“Beauty isn’t everything. It’s the only thing.” The words belong to the film’s seedy fashion designer (Alessandro Nivola), but they could just as easily be describing THE NEON DEMON in all of its meticulously orchestrated glory. It’s unquestionably a case of style over substance in filmmaker Nicolas Winding Refn’s eleventh feature as a director, but that becomes its own weighty currency when the style is as impeccable as this. After all, what better approach to a film that explores the dangers of beauty in one of the most superficial industries in Los Angeles.
Hollywood and the City of Angels has always been fascinated with its own ability to act as a harmful siren, from A Star Is Born to Mulholland Drive. Yet like many explorers in America’s history, here the very young Jesse (Elle Fanning) emerges like a mythical creature in the West, and is rapidly drawn into the fashion world. In a pristinely shot piece of foreboding, Jesse is introduced covered in faux blood, before revealing that her glassy eyed stare is that of an aspiring model and not of a corpse. Taken under the wing of make-up artist Ruby (Jena Malone), and introduced to models Sarah (Abbey Lee) and Gigi (Bella Heathcote), Jesse’s star rises as photographers and designers alike become intoxicated by her beauty.
As a straight examination of our culture’s obsession with beauty, THE NEON DEMON would probably not offer much in the way of new insight. On that level, the film works at its most familiar, albeit one with particularly unexpected comeuppances for the genre. Refn and co-writers Mary Laws and Polly Stenham infuse their ambiguous morality tale with numerous horror elements, and whether they are real or imagined is up to the viewer. Are the Lynchian flashing neon triangles Jesse keeps seeing part of a fashion campaign or in her head? Are the increasingly sinister visitors to her motel room (including a wonderfully gross Keanu Reeves) simply imagination manifested? This is all against Showgirls levels of comedy as well, albeit far more intentional thanks to the biting superficiality of Sarah and Gigi, and a delightfully sleazy Nivola as a profoundly shallow fashion icon. More simply, there are times when THE NEON DEMON is just plain nuts.
Every element seen and heard is calculated to perpetuate this disconcerting feeling, and indeed there is nothing that Refn, cinematographer Natasha Braier and composer Cliff Martinez didn’t place carefully for us. Like the fashion industry itself, it mines the past for current trends: the old-school titles feel Hitchockian, even if that jars with Martinez’s thumping modern soundtrack, and this in turn conjures up Federico Fellini and Dario Argento in its mix of psychological horror and modern Gothic. Yet it’s all so conscious that we must question what we are seeing constantly. While Jesse maintains that “nothing happened” during a closed set with photographer Jack (Desmond Harrington), the visuals might lead us elsewhere. Taking place entirely in an empty white space, the photographer and model look like the are floating in Chuck Jones’ Duck Amuck short, which might lead us to question whether Jesse has mentally suppressed reality to write her own narrative from this point.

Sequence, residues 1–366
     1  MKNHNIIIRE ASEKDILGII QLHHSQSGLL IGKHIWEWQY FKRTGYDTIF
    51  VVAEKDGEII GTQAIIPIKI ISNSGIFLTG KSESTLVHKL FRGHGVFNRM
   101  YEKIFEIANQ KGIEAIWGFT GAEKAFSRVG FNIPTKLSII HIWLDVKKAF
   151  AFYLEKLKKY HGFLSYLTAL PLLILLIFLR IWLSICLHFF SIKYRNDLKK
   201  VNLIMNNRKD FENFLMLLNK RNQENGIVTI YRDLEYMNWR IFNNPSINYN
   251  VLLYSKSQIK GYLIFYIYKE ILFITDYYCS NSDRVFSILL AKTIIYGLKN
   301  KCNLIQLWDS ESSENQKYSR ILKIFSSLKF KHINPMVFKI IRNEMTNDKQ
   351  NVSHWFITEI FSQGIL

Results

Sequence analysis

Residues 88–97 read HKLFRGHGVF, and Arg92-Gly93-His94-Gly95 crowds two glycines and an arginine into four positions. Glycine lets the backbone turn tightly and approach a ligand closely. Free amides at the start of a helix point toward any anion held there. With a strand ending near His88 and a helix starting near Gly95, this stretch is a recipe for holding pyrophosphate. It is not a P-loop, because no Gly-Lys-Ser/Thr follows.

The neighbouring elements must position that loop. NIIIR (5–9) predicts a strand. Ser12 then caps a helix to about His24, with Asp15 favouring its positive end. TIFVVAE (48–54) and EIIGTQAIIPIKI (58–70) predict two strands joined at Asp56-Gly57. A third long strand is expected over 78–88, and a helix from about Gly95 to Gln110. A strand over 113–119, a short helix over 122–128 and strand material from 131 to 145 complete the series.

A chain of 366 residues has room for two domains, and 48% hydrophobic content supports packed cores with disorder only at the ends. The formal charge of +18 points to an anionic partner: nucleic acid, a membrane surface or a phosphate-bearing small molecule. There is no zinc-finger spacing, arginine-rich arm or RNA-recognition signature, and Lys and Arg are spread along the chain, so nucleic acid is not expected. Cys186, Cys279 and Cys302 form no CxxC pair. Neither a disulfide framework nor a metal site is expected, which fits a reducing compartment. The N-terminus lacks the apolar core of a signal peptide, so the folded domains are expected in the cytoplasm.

The same is true of the cast themselves, from Malone’s perfectly symmetrical hair to Fanning’s wide-eyed innocence. As our perception of their intentions shifts and our allegiances change, we doubt how much we know. Jesse’s past is obscured, but so is the enigmatic Ruby’s, who has a second job as a mortuary beautician that is never given unnecessary explanations. Only Heathcote’s Gigi is honest about how manufactured her beauty is, and as the film slips into its radically grotesque final act of proper horror, she is the only one to (flippantly) speak the truth. Perhaps this is the point in the end, with even the most terrible truths seeming manufactured in an artificial world. THE NEON DEMON shows that there might be something more beneath the surface when it comes to beauty, but when it looks this gorgeous, it really is the only thing that counts.
THE NEON DEMON is playing at the Melbourne International Film Festival 28 July – 14 August 2016.
2016 | France, US, Denmark | DIR: Nicolas Winding Refn | WRITER: Nicolas Winding Refn, Mary Laws, Polly Stenham | CAST: Elle Fanning, Karl Glusman, Jena Malone, Bella Heathcote, Abbey Lee, Christina Hendricks, Keanu Reeves | RUNNING TIME: 117 minutes | DISTRIBUTOR: MIFF (AUS) | RATING: ★★★★★